Many, learning of such words, decided to kill Issa. But Issa, forewarned, departed from this place by night.

    Afterward, Issa went into Nepal and into the Himalayan mountains ….

    “Well, perform for us a miracle,” demanded the servitors of the Temple. Then Issa replied to them: “Miracles made their appearance from the very day when the world was created. He who cannot behold them is deprived of the greatest gift of life. But woe to you, enemies of men, woe unto you, if you await that He should attest his power by miracle.”

    Issa taught that men should not strive to behold the Eternal Spirit with one’s own eyes but to feel it with the heart, and to become a pure and worthy soul….

    “Not only shall you not make human offerings, but you must not slaughter animals, because all is given for the use of man. Do not steal the goods of others, because that would be usurpation from your near one. Do not cheat, that you may in turn not be cheated ….

    “Beware, ye, who divert men from the true path and who fill the people with superstitions and prejudices, who blind the vision of the seeing ones, and who preach subservience to material things. “…

    Then Pilate, ruler of Jerusalem, gave orders to lay hands upon the preacher Issa and to deliver him to the judges, without however, arousing the displeasure of the people.

    But Issa taught: “Do not seek straight paths in darkness, possessed by fear. But gather force and support each other. He who supports his neighbor strengthens himself

    “I tried to revive the laws of Moses in the hearts of the people. And I say unto you that you do not understand their true meaning because they do not teach revenge but forgiveness. But the meaning of these laws is distorted.”

    Then the ruler sent to Issa his disguised servants that they should watch his actions and report to him about his words to the people.

    “Thou just man, “said the disguised servant of the ruler of Jerusalem approaching Issa, “Teach us, should we fulfill the will of Caesar or await the approaching deliverance?”

    But Issa, recognizing the disguised servants, said, “I did not foretell unto you that you would be delivered from Caesar; but I said that the soul which was immersed in sin would be delivered from sin.”

    At this time, an old woman approached the crowd, but was pushed back. Then Issa said, “Reverence Woman, mother of the universe,’ in her lies the truth of creation. She is the foundation of all that is good and beautiful. She is the source of life and death. Upon her depends the existence of man, because she is the sustenance of his labors. She gives birth to you in travail, she watches over your growth. Bless her. Honor her. Defend her. Love your wives and honor them, because tomorrow they shall be mothers, and later-progenitors of a whole race. Their love ennobles man, soothes the embittered heart and tames the beast. Wife and mother-they are the adornments of the universe.”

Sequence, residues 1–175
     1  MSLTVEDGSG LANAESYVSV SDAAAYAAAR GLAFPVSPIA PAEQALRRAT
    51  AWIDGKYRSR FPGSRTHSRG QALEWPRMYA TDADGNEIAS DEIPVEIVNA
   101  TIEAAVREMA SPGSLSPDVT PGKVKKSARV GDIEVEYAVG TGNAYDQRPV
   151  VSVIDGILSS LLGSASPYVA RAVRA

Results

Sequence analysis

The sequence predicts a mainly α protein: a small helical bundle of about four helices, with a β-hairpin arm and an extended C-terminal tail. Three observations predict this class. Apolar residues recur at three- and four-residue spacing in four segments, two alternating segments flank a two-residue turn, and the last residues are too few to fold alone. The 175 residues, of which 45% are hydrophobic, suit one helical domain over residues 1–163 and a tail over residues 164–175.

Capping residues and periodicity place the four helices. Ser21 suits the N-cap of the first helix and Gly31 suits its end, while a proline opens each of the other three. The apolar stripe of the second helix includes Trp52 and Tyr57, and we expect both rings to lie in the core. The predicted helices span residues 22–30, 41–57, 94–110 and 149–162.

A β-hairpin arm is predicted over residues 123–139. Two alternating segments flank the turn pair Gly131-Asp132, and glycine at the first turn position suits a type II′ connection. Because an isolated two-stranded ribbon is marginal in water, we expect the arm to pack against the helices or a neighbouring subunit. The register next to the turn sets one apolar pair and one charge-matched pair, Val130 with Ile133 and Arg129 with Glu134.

“As light divides itself from darkness, so does woman possess the gift to divide in man good intent from the thought of evil. Your best thoughts must belong to woman. Gather from them your moral strength, which you must possess to sustain your near ones. Do not humiliate her, for therein you will humiliate yourselves. And all which you will do to mother, to wife, to widow or to another woman in sorrow-that shall you also do for the Spirit.”

    So taught Issa; but the ruler Pilate ordered one of his servants to make accusation against him.

    Said Issa: “Not far hence is the time when by the Highest Will the people will become purified and united into one family.”

    And then turning to the ruler, he said, “Why demean thy dignity and teach thy subordinates to live in deceit when even without this thou couldst also have had the means of accusing an innocent one?”

    From another version of the legend, Roerich quotes fragments of thought and evidence of the miraculous.

    Near Lhasa was a temple of teaching with a wealth of manuscripts. Jesus was to acquaint himself with them. Meng-ste, a great sage of all the East, was in this temple. Finally Jesus reached a mountain pass and in the chief city of Ladak, Leh, he was joyously accepted by monks and people of the lower class …. And Jesus taught in the monasteries and in the bazaars (the market places); wherever the simple people gathered–there he taught.Not far from this place lived a woman whose son had died and she brought him to Jesus. And in the presence of a multitude, Jesus laid his hand on the child, and the child rose healed. And many brought their children and Jesus laid his hands upon them, healing them.

    Among the Ladakis, Jesus passed many days, teaching them. And they loved him and when the time of his departure came they sorrowed as children.

    Click here to read ‘The Life of Saint Issa’ Translation by Notovitch


    Chapters
    Introduction | I-V | VI-VIII | IX-XI | XII-XIV

    Research Links

  • The Aquarian Gospel of Christ
  • The Lost Years of Jesus, Heart magazine, Spring 1983
  • Excerpt from Chapter 4 of In Search of the Loving God
  • Re-examination of the “Lost Years” evidence